As an appeasement to the biofuel industry and the green energy lobby, biofuel producers are seeing a spate of new legislation introduced in Congress as a way to even the playing field following President Biden’s proposed blending incentive in his April tax plan.
The Sustainable Fuel Act would give producers of sustainable aviation fuel a blenders’ tax credit between $1.50-$1.75/gal, while the Sustainable Skies Act would provide a $1.50/gal tax credit for SAF that reduces emissions by 50%, and an additional 1 cent/gal for every percentage point to $2/gal.
If you can’t beat them…
As climate change issues are now being pushed to the forefront of group consciousness by investors and governments alike, US refiners are increasing capital spending geared toward renewables.
Given that transportation fuels account for over 80% of greenhouse emissions, many refiners have created renewable fuel projects to get a foothold into the renewable diesel and SAF space.
Some have repurposed entire refineries.
Phillips 66’s Rodeo Renewed is being transformed to make renewable diesel and SAF at the California plant. Some refiners have converted existing units, like CVR’s conversion of a hydrocracker at its Wynnewood, Oklahoma, plant to make renewable diesel and naphtha. By doing this, refiners not only are eligible for the $1/gal federal blender tax credits, but also for California’s Low Carbon Fuel Standard credits. And the added benefit in meeting their RFS blending requirements includes making RINs.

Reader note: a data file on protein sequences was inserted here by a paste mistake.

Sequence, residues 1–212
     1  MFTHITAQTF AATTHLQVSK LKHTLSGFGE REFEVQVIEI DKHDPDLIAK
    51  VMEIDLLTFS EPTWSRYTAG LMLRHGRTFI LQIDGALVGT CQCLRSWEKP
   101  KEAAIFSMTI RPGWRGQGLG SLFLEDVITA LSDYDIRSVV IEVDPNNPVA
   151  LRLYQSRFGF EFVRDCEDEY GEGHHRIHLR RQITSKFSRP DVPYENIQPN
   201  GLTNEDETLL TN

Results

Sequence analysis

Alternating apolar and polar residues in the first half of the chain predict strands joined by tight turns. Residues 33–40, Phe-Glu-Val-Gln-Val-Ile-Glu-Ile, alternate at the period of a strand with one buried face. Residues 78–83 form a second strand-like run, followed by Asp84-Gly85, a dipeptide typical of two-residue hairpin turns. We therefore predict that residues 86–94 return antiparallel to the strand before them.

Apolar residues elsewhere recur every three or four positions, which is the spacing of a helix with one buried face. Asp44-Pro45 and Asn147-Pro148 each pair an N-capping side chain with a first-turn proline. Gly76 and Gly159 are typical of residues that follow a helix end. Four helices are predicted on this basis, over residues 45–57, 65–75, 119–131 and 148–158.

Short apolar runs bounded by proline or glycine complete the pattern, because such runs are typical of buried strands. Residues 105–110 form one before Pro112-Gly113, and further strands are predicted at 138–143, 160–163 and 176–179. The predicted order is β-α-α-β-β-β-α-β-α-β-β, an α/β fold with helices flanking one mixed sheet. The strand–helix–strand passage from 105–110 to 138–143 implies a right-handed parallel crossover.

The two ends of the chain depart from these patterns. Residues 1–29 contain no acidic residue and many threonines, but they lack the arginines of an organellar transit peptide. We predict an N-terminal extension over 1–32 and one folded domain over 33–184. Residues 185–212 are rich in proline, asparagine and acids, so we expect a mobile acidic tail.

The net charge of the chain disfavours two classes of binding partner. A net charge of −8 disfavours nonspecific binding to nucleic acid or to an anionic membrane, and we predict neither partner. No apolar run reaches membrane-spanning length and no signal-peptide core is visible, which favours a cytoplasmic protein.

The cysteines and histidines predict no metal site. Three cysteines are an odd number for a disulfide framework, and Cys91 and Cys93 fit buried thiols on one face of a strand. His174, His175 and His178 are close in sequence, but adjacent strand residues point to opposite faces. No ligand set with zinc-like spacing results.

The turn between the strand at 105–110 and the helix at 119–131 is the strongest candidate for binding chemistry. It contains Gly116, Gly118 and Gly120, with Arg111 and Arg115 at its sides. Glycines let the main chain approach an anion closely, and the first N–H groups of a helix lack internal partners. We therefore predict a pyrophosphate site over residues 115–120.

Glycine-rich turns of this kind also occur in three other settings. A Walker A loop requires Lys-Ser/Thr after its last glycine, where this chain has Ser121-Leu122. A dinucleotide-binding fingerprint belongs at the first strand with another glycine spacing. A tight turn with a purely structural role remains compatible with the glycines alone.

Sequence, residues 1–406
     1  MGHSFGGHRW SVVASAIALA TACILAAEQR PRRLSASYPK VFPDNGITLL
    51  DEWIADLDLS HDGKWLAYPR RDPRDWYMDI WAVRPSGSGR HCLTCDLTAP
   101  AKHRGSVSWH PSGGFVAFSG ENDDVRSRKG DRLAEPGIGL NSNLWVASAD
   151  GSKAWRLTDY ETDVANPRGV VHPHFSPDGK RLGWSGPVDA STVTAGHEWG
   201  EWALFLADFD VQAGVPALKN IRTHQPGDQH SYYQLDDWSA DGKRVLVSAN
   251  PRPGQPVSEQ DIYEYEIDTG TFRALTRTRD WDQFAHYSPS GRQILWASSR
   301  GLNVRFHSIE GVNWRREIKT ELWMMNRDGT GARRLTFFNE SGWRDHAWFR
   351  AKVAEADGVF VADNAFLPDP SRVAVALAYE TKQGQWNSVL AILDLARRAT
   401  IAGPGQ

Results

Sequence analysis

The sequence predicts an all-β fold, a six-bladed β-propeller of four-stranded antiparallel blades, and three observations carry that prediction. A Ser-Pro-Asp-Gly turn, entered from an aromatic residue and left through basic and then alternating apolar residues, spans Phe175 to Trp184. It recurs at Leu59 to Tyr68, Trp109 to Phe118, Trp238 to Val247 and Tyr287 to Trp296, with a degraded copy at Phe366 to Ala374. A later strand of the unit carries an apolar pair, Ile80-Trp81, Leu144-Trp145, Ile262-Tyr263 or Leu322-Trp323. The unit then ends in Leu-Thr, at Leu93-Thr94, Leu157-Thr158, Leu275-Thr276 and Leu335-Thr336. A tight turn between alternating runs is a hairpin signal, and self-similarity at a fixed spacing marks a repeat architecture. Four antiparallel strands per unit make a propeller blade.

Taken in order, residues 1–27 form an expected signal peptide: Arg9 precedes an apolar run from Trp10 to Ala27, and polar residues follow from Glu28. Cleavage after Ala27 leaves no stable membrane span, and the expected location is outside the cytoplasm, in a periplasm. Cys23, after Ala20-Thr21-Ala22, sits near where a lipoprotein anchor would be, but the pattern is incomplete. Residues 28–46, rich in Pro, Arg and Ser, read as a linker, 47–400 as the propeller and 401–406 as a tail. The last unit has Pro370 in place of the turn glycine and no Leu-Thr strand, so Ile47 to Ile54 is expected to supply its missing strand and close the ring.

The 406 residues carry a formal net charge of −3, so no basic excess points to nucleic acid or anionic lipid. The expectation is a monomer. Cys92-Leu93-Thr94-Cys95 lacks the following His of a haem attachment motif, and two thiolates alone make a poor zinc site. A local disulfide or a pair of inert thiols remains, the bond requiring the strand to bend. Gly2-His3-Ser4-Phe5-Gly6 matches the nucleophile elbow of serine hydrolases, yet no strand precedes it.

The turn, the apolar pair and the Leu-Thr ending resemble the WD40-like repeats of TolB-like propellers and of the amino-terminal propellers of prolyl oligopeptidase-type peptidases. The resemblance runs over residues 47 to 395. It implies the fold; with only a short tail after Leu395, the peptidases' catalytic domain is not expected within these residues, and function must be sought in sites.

PBF Energy, the latest entrant into the renewable space, said recently it is planning to use an idled hydrocracker at its Chalmette, Louisiana, plant to make 20,000 b/d of renewable diesel to supply its two California plants, despite its lingering concern about the efficacy of the RFS.
“The RFS is a broken program,” CEO Tom Nimbley said on the April 20, 2021 earnings call, adding the company is “engaged in discussing immediate steps as well as long-term solutions” with the EPA.
This article has been posted as is from Source